“St. John grew. We didn’t die,” she said, in regards to the creation of new business ventures in lieu of the hundreds of jobs lost when Caneel was destroyed. “We created a new dynamic.”
Sampsell weighed in that the Friends’ position remains that they would love to see the vibrant, active Caneel Bay up and running again as efficiently as possible ” in a manner that ensures long term protection of park resources and long term protection of a critically important part of St. John’s economy” and with inclusion and benefits for the local community.
Harith Wickrema, also of Island Green, called into the discussion and suggested agricultural programs (maybe marine as well?)that would include training of students at both the primary and university levels in the realm of “farm to table” concepts on the property and taking the resort off the grid. He suggests a partnership with the University of the Virgin Islands’ cultural and agricultural programs. And the definite need for local vendors at Caneel Bay….A unique, Eco resort experience that ties into the local culture and community. “People pay money for this,” he concluded.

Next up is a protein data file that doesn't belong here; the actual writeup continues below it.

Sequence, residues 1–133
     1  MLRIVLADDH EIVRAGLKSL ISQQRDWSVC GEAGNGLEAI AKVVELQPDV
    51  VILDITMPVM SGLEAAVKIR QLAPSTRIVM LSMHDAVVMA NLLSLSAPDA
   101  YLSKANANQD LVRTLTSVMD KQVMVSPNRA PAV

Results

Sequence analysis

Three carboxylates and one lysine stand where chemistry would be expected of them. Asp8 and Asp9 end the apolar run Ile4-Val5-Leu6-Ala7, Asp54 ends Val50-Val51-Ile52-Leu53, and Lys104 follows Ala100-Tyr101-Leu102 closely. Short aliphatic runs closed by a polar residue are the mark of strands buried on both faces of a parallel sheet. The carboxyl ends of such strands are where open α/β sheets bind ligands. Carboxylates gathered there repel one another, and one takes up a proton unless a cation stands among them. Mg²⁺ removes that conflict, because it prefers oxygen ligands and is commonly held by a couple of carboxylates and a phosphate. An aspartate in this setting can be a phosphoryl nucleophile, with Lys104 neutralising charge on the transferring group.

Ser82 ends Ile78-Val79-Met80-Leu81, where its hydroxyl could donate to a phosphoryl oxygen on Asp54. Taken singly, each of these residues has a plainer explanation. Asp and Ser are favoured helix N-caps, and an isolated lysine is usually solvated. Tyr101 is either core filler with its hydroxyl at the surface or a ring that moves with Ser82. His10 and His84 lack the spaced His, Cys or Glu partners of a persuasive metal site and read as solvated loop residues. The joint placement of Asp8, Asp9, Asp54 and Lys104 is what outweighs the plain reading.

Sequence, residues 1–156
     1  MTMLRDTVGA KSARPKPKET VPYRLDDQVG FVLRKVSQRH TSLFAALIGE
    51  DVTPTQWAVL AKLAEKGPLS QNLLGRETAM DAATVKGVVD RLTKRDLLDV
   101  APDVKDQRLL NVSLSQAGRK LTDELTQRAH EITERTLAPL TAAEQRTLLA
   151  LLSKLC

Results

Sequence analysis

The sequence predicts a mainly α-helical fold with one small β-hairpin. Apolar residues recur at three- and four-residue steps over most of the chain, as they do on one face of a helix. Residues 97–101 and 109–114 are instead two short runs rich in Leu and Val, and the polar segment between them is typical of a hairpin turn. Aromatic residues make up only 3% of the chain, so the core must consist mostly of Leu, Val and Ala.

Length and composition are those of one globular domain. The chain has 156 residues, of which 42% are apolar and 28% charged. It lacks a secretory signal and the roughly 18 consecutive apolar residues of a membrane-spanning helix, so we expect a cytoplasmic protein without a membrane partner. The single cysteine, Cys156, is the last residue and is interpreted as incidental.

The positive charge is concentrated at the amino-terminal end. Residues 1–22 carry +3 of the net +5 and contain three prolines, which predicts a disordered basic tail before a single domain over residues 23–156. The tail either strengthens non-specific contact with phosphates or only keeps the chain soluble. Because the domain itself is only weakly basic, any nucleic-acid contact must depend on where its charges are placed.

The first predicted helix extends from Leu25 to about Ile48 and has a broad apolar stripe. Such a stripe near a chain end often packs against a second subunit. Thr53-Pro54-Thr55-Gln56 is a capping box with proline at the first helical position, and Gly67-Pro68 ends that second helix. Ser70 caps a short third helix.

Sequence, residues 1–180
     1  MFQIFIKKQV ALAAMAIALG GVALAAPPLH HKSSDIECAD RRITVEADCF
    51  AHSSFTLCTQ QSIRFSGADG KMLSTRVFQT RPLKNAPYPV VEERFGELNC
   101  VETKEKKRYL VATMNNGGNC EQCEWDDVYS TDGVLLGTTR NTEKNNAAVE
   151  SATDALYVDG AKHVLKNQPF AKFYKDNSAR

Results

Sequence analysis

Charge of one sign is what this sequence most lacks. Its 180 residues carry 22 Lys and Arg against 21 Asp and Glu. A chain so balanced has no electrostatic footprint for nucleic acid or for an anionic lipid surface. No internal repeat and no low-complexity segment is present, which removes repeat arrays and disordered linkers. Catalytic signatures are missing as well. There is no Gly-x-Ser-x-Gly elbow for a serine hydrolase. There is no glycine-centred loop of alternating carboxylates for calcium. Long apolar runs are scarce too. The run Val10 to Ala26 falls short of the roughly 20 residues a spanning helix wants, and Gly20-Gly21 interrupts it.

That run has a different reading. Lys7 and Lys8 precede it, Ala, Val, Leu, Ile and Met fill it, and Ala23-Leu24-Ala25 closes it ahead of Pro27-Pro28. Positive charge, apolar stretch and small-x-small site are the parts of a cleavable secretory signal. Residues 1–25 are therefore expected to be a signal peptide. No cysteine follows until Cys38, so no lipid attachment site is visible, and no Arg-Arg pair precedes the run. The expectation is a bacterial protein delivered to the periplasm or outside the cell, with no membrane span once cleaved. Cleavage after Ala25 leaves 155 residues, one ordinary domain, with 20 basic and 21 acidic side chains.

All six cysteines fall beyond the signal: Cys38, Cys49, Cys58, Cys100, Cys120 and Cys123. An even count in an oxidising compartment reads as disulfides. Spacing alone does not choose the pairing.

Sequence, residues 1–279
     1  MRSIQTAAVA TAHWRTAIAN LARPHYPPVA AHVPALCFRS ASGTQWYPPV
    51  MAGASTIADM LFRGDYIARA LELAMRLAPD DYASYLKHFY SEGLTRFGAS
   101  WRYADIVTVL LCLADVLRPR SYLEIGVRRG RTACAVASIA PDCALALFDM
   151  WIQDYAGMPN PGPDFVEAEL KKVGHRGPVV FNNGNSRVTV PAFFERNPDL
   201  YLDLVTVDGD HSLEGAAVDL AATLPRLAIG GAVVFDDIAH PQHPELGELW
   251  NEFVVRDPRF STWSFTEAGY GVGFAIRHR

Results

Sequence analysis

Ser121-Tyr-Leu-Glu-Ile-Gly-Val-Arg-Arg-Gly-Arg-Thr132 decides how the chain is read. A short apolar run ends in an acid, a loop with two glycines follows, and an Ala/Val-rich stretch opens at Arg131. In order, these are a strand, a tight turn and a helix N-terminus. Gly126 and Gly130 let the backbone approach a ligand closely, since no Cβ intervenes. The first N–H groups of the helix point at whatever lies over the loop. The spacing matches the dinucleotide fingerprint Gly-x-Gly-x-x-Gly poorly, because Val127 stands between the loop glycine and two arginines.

Payne agreed that a partnership with small businesses, UVI and local government would be good step in the right direction within these negotiations in order to reintegrate the St. John community. And that somewhere along the timeline, the current management “lost the sense of being a community partner.”
The first step in this would be for the Gary Engle, CEO and chairman of Stoneleigh Capital LLC, the parent company of CBIA, and DOI to hear the requests of St. John community leaders and involve some of them in the discussion. DiaGiacomo sited a 10 page report compiled by STJ residents a year and a half ago that was submitted to Engle that outlined the requests of the community. There has been no response to that memo. However, Senator Payne will be sworn into office on January 11 and has promised a virtual town hall meeting on this topic by the end of the first month of the new year!
The report is not the first attempt by St. Johnians and their representatives to reach out to Engle. Muckle-Jabbar says that Congresswoman Plaskett has repeatedly requested that Engle get to work on cleaning up the devastated resort…without compliance. Senator Payne said that he has also reached out to Engle and he was reluctant in his response. The 90 day expiration for Engle’s response and/or action to the legal filings is December 28. According to DiGiacomo, he has not heard anything in response.